Pest Control

A Guide To Keeping Bats Away From Your House


Bats are known for living in and hanging on the roofs of caves. But anywhere that is dark enough for these nocturnal hunters to ride comfortably is enough for them to call home. Even places like the attic of your home or even your porch are good spots for them. But what are some excellent ways to keep bats away from your home?

There are many things you can do to repel bats and keep them from getting comfortable in your home:

  • Fixing or sealing up cracks and holes in your ceiling
  • Installing a decoy bat house
  • Installing bright motion sensor lights
  • Using mothballs
  • Using natural bat repellent 
  • Calling a professional

These are just a handful of different ways you can go about keeping bats away from your home.

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As you continue to read this article, it will go more in-depth with all the above methods and explain many other practices you can use to keep those bats away from you and your family.

What Keeps Bats Away From Your House

While bats play an essential role in the ecosystem by eating many insects that fly around at night, bats pose a serious health risk with the diseases they can carry that are transmittable to humans.

This does include infamous rabies, among others. We will discuss the many methods you can use to keep these flying bats safely away from your home below.

Matural Repellent Lg 1

1. Using Natural Bat Repellents

Bat repellent sprays easily prevent bats from roosting and setting up a nest in your home. These repellents are made with synthetic chemicals or all-natural ingredients that bats hate and will go out of their way to get away from them.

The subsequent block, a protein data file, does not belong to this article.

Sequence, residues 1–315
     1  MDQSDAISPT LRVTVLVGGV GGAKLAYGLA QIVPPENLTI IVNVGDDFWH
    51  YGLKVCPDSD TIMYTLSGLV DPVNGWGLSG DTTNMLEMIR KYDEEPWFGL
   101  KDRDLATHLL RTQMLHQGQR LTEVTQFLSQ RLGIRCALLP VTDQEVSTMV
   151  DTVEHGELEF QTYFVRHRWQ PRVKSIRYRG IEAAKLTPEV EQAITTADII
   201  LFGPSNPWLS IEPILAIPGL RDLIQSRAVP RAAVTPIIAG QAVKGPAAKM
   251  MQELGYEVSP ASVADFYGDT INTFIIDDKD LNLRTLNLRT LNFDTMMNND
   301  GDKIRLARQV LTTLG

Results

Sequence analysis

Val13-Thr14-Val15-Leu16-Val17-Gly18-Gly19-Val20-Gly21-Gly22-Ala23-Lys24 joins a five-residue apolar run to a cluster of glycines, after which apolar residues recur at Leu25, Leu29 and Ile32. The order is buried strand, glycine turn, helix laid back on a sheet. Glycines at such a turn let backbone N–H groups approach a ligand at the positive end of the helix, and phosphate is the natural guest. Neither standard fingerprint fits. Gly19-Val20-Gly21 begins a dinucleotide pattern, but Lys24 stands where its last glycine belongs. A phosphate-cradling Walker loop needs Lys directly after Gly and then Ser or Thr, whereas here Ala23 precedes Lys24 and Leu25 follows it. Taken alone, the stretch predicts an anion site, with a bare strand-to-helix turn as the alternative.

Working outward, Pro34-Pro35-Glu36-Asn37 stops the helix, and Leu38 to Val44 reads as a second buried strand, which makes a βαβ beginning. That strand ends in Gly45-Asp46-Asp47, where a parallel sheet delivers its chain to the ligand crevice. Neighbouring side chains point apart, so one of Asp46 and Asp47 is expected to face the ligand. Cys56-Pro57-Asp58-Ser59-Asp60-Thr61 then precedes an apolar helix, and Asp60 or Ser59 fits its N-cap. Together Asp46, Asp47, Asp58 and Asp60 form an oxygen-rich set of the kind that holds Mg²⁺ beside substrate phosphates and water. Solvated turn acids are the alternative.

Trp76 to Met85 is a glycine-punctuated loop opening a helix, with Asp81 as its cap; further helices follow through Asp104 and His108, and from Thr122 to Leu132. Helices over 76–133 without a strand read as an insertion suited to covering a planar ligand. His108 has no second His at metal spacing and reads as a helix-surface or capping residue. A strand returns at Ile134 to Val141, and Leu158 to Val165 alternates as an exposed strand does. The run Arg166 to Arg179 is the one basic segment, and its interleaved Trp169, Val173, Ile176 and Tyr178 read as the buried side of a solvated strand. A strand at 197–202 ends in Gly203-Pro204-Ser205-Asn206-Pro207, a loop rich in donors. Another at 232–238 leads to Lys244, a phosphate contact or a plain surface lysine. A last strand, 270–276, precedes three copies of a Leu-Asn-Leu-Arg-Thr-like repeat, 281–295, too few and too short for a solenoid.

One popular bat deterrent is Bonide Bat Magic. This repellent contains peppermint and spearmint essential oils that give off and leave a residual smell that bats hate. The smell assaults their sense of smell, driving them off, hopefully for good.

The instructions for this product are straightforward. All you have to do is place a packet in the general area of your home where you have noticed that the bats have set up a nest in your home.

Once you have set the packet within the hour, the smell will waft up to the bats and drive them off. These packets can cover up to 150 square feet.

Because this product is biodegradable, there are no downsides to setting them up and forgetting where you put them. 

This product is best used in the early stages of a bat infestation. At the same time, it will work on small groups of bats that have just started to make a nest in your home. This product alone will most likely not work on bats that have been set up for a decent time and have started to have a family in your home.

Decoy Bat House Lg 1

2. Installing A Decoy Bat House

Installing bat decoy houses is an excellent way to keep bats away from the populated areas of your home by providing them with a much better place to set up and call home. These homes are effortless to build and set up while also coming with easy-to-follow instructions and great examples of where to set these decoy homes up.